Entering the Holy Land.....we should have said a prayer!
Tel Aviv Travel Blog› entry 1 of 18 › view all entries
Rob got up early and worked some before we had to leave. When I got up it was all about getting the last few things done so we could get out of the house on time. While I worked on getting ready Rob started the horrible job of cleaning out the refrigerator of food and washing the dishes. He made sure everything was out and made us lunch so we would leave on a full stomach and to use up food. With everything finished we were out in the cold weather of
We were very fortunate and made our way to the train and airport with no issues at all. It was so nice not to be racing for a train and running through the airport at the last minute. Surprisingly the lines for security were short and we breezed right through. Once we were on the plane, which was full Rob felt like he had folded his legs up around his shoulders. Big guys and tight airline seats don’t work well together. Even with a short delay in leaving
As we assess the other passengers and waited patiently we saw he luggage being loaded and the plane being fueled. It was amazing to see the liters add up. If finally stopped at 11,727, WOW!! Once we everything was done and the plane was de-iced we were off, about 40 minutes late.
The flight was uneventful. Rob read articles on Lean Six Sigma and management until his head hurt and I started a new book and made it about half way through. At one point Rob was getting us oranges from his backpack and gave the nun one. He figured it couldn’t hurt to get extra points with a bride of God.
After landing safely in Tel Aviv we made our way to passport control. The airport itself is beautiful and very modern. It is all steel and glass with warm wood accents. There was a distinctive smell of chlorine in the air from the water features. We had read that they have to heavily chlorinate the water.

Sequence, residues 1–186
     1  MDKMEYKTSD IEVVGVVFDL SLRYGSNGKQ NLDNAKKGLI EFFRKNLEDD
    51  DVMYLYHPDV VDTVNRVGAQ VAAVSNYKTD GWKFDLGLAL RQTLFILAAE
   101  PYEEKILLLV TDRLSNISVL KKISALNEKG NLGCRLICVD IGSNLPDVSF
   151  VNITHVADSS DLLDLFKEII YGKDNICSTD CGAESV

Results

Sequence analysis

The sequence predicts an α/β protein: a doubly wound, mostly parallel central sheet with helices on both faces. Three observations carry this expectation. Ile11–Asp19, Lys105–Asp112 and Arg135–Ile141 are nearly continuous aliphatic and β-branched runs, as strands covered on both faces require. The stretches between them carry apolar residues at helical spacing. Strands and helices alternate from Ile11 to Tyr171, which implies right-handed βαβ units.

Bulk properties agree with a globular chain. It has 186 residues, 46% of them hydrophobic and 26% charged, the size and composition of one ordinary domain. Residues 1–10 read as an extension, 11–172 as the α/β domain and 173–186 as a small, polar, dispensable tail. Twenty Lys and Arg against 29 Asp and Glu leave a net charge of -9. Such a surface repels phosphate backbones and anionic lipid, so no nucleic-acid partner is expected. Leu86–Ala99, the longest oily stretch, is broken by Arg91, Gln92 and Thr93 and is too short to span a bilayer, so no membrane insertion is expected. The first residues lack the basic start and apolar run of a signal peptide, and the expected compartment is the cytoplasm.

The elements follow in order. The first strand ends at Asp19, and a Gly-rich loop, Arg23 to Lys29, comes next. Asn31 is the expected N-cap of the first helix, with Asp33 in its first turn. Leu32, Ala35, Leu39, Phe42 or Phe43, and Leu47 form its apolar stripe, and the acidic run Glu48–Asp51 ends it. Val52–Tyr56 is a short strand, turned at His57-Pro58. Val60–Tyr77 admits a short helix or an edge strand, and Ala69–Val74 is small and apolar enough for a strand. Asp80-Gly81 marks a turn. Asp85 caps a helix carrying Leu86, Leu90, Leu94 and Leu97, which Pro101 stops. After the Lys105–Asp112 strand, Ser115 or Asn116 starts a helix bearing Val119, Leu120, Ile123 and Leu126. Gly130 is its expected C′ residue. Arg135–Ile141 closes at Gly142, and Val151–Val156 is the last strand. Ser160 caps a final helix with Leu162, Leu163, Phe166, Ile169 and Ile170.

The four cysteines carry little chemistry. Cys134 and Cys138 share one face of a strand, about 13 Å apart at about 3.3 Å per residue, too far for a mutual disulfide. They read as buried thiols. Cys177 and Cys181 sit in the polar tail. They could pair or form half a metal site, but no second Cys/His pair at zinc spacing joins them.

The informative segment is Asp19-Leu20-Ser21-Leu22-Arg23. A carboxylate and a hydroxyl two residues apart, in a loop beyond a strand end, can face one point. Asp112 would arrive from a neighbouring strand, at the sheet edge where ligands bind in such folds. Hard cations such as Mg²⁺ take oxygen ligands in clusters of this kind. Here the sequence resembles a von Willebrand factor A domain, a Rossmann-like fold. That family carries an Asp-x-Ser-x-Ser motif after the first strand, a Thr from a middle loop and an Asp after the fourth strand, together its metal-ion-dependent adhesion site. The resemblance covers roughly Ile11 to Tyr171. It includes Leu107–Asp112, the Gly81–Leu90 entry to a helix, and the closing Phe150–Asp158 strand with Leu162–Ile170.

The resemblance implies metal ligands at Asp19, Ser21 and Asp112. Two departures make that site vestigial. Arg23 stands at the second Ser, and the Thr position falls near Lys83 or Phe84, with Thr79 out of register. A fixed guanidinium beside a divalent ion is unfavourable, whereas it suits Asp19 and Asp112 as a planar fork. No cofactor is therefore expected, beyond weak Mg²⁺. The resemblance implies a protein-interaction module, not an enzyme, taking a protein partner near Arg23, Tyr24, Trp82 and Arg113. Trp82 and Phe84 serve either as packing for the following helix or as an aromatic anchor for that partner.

Once we got to passport control and waited our turn is when the fun started. The young woman helping us looked through my passport first and laid it down open to a special page. Next she went through Rob’s. She looked at him and asked if he had been to
We went to the waiting area while she held onto our passports. There was another couple waiting there too. They looked as tired and unexcited as us. We just remained calm and waited, what else could we do. The other couple was taken back to a small room and then came back and sat down. Apparently they were detained because they had been to
Finally a young woman came in and got us. She took us to a small room and began questioning us about our visit, when and why we had been to
When we entered the baggage area it was also like a ghost town. We found the carousel for our flight and our suitcase was sitting there all by itself waiting for us. We opened to double check and it appeared everything was fine. Now, on to the next challenge getting to the hotel.
After passing through the customs area we saw our taxi driver. We let him know we needed to get money and headed to the ATMs. Luckily there were three in a row next to the exchange service. We assumed the ATMs would dispense US dollars, as other Middle Eastern countries do, that was wrong! Since we had failed to check the exchange rates we had to ask the exchange service. Thanks to the fact the hotel and taxi had quoted us in dollars we had to get that rate and the Euro rate because all of our accounts are in Euros. I got a little confused by the different rates, but luckily Rob kept it straight in his head. The only problem was the exchange service gave us their rates and not the market rates. This would not become clear until we had to pay the taxi driver.